A visit to West Yorkshire's very own 'Lake District', now a bird reserve of national importance.
Distance 5 miles (8km)
Minimum time 2hrs 30min
Ascent/gradient 131ft (40m)
Level of difficulty Easy
Paths Good paths and tracks (some newly-created from spoil heaps), 7 stiles
Landscape Lakes, riverside and reclaimed colliery spoil heaps
Suggested map aqua3 OS Explorer 289 Leeds
Start/finish SE 472278
Dog friendliness Keep on lead around main lake, due to wildfowl
Parking Free parking in Cut Road, Fairburn. From A1, drive into village, turn left 100yds (91m) past Three Horseshoes pub,
Public toilets Fairburn Ings visitor centre
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1 Walk down Cut Road as it narrows to a track. Soon you have the main lake to your right, and a smaller stretch of water to your left. When the track forks, keep right (unless you want to visit the first of the bird hides, in which case detour to the left). The path finishes at the end of the lake, on approaching the River Aire.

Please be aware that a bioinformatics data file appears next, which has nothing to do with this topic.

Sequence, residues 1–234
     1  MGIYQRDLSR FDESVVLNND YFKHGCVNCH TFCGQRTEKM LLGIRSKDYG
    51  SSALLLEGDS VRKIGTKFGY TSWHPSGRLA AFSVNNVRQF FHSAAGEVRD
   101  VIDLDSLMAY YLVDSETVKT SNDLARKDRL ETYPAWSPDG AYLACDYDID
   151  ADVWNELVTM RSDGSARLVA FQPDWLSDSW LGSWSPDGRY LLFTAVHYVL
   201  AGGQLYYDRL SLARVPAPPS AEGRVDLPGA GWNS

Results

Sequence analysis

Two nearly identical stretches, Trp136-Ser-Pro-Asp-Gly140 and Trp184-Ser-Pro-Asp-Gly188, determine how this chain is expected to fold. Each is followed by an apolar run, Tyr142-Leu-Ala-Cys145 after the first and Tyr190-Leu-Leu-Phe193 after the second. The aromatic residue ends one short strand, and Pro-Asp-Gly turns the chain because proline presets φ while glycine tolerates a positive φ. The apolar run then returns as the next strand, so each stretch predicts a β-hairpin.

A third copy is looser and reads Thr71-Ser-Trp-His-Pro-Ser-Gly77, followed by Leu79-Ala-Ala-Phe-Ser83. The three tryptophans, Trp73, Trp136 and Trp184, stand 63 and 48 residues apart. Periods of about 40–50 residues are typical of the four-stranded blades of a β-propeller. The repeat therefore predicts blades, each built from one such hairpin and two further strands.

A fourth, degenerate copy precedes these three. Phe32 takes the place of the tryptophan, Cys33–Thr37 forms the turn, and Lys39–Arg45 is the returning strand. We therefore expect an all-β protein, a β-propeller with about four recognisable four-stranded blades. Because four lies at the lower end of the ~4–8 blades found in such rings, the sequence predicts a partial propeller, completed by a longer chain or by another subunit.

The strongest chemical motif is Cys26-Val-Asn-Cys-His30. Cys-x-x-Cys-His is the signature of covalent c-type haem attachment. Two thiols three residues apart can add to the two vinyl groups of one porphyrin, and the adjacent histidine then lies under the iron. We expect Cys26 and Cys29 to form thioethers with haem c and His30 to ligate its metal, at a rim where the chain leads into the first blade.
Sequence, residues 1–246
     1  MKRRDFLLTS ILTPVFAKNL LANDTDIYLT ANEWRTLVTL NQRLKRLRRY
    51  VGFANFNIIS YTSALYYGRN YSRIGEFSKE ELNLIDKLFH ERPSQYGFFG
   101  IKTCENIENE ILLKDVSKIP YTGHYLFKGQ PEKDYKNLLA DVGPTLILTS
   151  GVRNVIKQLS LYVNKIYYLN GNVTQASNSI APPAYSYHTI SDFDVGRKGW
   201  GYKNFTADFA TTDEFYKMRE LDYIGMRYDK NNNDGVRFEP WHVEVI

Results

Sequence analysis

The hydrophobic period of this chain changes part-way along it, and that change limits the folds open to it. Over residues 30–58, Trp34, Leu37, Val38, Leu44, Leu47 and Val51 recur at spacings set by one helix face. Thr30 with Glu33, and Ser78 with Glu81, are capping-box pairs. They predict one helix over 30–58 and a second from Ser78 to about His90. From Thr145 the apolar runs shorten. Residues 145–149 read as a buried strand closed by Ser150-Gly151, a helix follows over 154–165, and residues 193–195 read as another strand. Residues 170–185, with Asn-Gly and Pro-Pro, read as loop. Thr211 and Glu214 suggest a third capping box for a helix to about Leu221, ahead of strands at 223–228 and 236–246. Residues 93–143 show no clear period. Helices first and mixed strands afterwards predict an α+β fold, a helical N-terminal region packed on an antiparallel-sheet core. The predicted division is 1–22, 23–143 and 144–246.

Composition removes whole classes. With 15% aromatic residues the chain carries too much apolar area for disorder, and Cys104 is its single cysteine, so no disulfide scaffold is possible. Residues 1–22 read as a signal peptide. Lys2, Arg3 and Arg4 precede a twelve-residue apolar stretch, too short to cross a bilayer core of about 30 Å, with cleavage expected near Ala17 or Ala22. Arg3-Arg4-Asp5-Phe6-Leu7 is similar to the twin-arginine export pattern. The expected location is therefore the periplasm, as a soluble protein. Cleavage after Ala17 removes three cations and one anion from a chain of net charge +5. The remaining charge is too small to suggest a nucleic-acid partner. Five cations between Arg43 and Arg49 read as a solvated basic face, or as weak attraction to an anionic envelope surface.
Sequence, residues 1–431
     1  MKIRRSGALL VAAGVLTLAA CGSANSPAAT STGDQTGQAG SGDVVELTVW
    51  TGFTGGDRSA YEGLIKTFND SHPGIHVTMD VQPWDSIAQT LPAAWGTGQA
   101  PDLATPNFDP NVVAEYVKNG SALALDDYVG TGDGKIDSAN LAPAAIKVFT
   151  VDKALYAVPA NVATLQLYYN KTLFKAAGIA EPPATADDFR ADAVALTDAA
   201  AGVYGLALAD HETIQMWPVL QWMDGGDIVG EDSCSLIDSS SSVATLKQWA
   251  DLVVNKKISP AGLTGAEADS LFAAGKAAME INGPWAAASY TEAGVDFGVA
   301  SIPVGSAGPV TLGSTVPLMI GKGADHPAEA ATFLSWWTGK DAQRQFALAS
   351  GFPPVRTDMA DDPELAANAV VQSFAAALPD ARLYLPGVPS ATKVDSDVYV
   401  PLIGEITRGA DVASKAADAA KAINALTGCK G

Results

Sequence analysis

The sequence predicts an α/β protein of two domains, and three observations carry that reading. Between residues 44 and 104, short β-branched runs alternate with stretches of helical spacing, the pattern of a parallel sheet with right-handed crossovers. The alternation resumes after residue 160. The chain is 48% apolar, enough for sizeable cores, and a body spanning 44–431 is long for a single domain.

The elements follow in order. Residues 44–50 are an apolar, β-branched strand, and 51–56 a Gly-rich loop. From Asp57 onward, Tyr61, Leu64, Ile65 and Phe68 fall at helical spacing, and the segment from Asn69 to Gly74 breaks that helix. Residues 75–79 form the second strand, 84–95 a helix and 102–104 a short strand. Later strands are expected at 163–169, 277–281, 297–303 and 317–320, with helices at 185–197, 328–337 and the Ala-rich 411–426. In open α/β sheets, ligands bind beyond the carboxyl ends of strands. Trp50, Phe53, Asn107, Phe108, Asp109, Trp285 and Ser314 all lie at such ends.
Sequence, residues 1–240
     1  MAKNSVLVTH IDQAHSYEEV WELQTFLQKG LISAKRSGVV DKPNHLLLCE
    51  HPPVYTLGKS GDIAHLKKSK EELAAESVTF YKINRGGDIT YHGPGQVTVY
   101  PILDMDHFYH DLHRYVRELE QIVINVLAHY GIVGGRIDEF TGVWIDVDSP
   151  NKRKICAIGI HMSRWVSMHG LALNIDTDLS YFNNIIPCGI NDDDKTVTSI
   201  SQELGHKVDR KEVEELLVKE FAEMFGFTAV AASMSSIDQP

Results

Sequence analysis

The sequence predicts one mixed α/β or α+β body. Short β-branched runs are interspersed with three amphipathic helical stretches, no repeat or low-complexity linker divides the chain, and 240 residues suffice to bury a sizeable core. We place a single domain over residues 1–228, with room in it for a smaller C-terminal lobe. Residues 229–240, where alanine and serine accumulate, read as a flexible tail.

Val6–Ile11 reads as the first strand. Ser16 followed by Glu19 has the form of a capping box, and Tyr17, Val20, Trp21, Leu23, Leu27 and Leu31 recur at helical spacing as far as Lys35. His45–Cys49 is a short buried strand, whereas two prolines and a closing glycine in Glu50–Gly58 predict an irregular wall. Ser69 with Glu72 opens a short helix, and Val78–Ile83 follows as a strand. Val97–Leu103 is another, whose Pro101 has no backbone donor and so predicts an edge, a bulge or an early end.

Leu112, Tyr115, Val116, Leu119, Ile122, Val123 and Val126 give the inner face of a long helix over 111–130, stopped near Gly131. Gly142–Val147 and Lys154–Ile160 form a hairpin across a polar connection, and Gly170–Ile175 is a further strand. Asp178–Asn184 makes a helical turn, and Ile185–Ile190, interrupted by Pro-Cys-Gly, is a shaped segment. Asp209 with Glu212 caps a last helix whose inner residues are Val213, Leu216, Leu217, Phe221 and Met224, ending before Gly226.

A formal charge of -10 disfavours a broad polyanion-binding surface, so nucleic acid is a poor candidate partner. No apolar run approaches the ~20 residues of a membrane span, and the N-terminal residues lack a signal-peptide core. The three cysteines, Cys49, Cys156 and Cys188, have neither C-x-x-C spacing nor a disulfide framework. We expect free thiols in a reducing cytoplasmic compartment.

2 Go right here, to join a path along the top of a ridge (actually an old spoil heap), with the river to your left and the lake right. Look out for a couple of other bird hides, before you lose sight of the lake. The path crosses a broader expanse of spoil heap, through scrubland, following the river in a broad arc to the right, before descending to a stile above another small mere. Bear right on a broad track and drop down into the car park of the Fairburn Ings visitor centre.
3 Meet a road. Go right for 100yds (91m), then go left (signed 'Ledston and Kippax') for just 100yds (91m), and pick up a path on your right that hugs the right-hand fringe of a wood. Beyond the wood, take a path between fields; it broadens to a track as you approach the village of Ledsham. At a new estate of houses, turn right, along Manor Garth.
4 You arrive in the village by the ancient church. Walk right, along the road (or, for refreshments, go left to the Chequers Inn). Beyond the village, where the road bears left, take a gate on the right, giving access to a good track uphill. Where the main track goes right, into fields, continue along a track ahead, into woodland. Leave the wood by a stile, crossing pasture on a grassy track. Two stiles take you across a narrow spur of woodland.